Despite protesting and filing court action to delay the FCC's spectrum auction because of an eligibility debacle, it looks like Latina Broadcasters of Florida will not be able to participate.

At the end of March, the U.S. Federal Communications Commission is set to begin auctioning licenses for telecommunications and broadcasters to use repurposed wireless spectrum, the bands of frequency used to carry cellphone, television and radio signals. Licensing spectrum is vital for the ongoing operations of broadcasters. Without them, there is no medium on which to broadcast.

The auction, which represents a huge reallocation of wireless bands freed up since television broadcasters switched to more efficient digital signals, is set to begin on Mar. 29. One party from Daytona Beach, called Latina Broadcasters, wanted to delay the auction after not qualifying, but it's not looking good for the Latina television broadcaster. 

Arguing that the FCC is crushing her "American Dream," Nora Crosby Soto, the owner of Latina Broadcasters of Daytona Beach, an affiliate of Azteca America, tried to delay the FCC's spectrum auction through a court injunction. Crosby Soto filed an emergency motion on Feb. 26 with the U.S. Court of Appeals in the Washington D.C. circuit to delay the auction, after the FCC ruled on Feb. 12 that her organization was not eligible to take part in the auction.

The FCC said that Latina Broadcasters did not qualify and that the FCC had essentially made a clerical error by previously indicating, multiple times, that Latina Broadcasters and its station WDYB-CD in Florida were eligible. While the broadcaster was on an early list of eligible stations, the FCC later said Latina Broadcasters had missed an important filing date to participate.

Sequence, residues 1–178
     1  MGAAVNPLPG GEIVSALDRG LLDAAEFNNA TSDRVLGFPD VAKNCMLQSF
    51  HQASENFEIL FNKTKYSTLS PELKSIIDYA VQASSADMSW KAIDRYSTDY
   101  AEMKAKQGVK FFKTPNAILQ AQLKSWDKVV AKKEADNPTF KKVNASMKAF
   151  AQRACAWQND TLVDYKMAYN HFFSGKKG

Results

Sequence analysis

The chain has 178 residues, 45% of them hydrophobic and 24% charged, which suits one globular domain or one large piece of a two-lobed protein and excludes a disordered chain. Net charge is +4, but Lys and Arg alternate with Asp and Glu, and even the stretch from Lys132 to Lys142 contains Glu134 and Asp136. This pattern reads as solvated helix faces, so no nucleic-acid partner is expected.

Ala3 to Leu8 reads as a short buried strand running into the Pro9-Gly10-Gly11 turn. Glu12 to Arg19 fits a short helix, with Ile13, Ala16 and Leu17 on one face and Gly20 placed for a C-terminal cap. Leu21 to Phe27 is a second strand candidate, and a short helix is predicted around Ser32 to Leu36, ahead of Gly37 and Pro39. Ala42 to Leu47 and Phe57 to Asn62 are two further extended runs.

Given the short amount of time between the FCC flipping its eligibility decision and the start of the spectrum auction, Latina Broadcasters filed to be included in the auction on a provisional basis.

"With the FCC's decision coming just 31 business days prior to the auction's start, the government effectively boxed Latina into a corner, leaving Latina insufficient time to pursue meaningful relief from the courts without asking for a delay of the auction," the party stated, according to industry journal TVNewsCheck. "The FCC does not offer a valid basis to deny either of Latina's options to preserve the status quo. The FCC's unsubstantiated claim that 'allowing Latina to participate on a provisional basis would... delay the incentive auction' is nonsensical."

It's not just the FCC that Latina Broadcasters are fighting. Many organizations that have been found eligible to participate are arguing for the FCC's position, wanting to deny the broadcaster's court request for a stay and encouraging the auction to proceed without delay. The group includes the powerful Consumer Technology Association (CTA), which put in an amicus brief in favor of the FCC.

In a press release put out over the weekend, Latina Broadcasters' chief Crosby Soto, sought help from the Latino community to change the FCC's schedule. In the call to action, the beleaguered company owner emphasized her roots as a Mexican immigrant and called the FCC's actions an affront to her American Dream.

"When Nora Soto crossed the Mexican border at the age of six, guided by a coyote, she never could have imagined that one day she'd be in a battle with one of the most powerful government agencies in the U.S., the Federal Communications Commission (FCC), just to hold on to her American Dream," read Latina Broadcasters' statement, according to Broadcasting Cable.

"I have worked my entire life and sacrificed much to realize the American Dream," wrote Crosby Soto. "I've done everything to contribute and be an asset to this country. I'm crushed, disappointed, and deeply saddened by the actions of the FCC that will jeopardize everything I've worked so hard to build," she added. "It is my hope that the commissioners of the FCC will do the right thing."